By Chris Campbell
PUBLISHED: 23:02, Wed, Sep 13, 2017 | UPDATED: 23:08, Wed, Sep 13, 2017
Sir Simon, who has spent 15 years in charge of the Berlin Philharmonic, said it was a “thrilling moment” and any difficulties travelling to the UK from Germany could be tackled.
Speaking to presenter Jon Snow on Channel 4 News, the musician said the country was “all in this together”.
Mr Snow put it to him that when he was appointed there was not even a “dream” of an EU referendum.
Sir Simon said: “This is true and we just have to react to how the world is. But this is still a thrilling moment."
CHANNEL 4 NEWSSir Simon Rattle said he would "make the best" of Brexit
Weâre all in this together anyway and we will make the best of it that we possibly can
Responding to being the LSO’s first “European” conductor, who will live in Berlin and work in London, the musician added: “Of course it will be complicated but musicians are used to dealing with complications, we always have.”
He added he would “like to think” he would have taken the position had the decision come after the Brexit vote and hailed the possibilities.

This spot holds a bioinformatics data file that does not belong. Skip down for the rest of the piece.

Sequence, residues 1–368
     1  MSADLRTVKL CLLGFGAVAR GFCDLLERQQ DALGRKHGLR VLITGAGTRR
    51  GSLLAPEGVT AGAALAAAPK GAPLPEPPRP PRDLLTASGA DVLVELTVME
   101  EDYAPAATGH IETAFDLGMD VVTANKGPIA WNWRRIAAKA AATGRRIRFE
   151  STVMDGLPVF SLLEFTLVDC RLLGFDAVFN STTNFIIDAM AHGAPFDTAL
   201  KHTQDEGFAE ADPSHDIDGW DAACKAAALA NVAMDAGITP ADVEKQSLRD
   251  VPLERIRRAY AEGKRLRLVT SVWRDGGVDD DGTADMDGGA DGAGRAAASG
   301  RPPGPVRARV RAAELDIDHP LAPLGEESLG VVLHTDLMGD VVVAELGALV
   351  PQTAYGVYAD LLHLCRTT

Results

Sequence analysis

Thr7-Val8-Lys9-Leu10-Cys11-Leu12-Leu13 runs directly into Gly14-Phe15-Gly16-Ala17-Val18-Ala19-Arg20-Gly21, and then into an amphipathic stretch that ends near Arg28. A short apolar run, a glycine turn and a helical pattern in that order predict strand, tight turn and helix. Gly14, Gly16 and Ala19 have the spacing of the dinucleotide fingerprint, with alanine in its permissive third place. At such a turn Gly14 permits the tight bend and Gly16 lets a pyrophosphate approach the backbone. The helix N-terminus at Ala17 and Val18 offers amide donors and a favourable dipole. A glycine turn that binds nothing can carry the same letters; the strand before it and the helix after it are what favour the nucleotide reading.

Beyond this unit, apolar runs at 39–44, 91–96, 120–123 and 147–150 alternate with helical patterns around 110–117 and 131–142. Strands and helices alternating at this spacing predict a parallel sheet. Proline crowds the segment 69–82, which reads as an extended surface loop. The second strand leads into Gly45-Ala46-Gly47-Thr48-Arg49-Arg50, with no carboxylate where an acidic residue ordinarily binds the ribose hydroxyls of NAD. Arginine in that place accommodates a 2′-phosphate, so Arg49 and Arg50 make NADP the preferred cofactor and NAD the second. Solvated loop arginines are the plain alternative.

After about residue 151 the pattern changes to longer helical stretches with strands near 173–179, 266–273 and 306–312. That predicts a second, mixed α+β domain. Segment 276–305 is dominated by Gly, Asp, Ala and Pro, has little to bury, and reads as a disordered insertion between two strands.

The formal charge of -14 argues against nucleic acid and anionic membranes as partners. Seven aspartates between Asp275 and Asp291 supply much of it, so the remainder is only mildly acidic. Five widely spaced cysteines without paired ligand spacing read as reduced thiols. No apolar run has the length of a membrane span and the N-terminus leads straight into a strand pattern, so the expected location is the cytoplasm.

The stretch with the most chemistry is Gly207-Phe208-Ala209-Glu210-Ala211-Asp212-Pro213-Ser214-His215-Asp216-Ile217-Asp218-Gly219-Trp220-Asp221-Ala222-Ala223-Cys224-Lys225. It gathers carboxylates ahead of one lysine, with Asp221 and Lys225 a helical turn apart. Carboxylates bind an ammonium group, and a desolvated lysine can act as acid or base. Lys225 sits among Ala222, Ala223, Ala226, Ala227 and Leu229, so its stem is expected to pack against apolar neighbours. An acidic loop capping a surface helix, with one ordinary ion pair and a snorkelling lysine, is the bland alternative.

He said: “Would it have given me pause? Of course. But the fact is we’re all in this together anyway and we will make the best of it that we possibly can.”
Meanwhile, a new study has revealed why Germany will do anything to stop Britain’s hard Brexit from the European Union.Wed, September 13, 2017
1 of 8
Brexit is already damaging Germany’s trade with the UK and it is set to get worse, according to the Association of German Chambers of Commerce and Industry.
But new research from the Cologne Institute for Economic Research (IW) has now revealed the drastic extent to which Germany could face economic disaster following Brexit.
According to the study, many German manufacturers are dependent on the production of goods abroad – with many partners being based in Britain.
In 2014 alone, the British supplied intermediate goods worth EUR 200 billion to the EU, of which 36 billion went to Germany.
And Brexit would jeopardise or even destroy this close cooperation, or at the very least make it more expensive for Germany to import goods from the UK.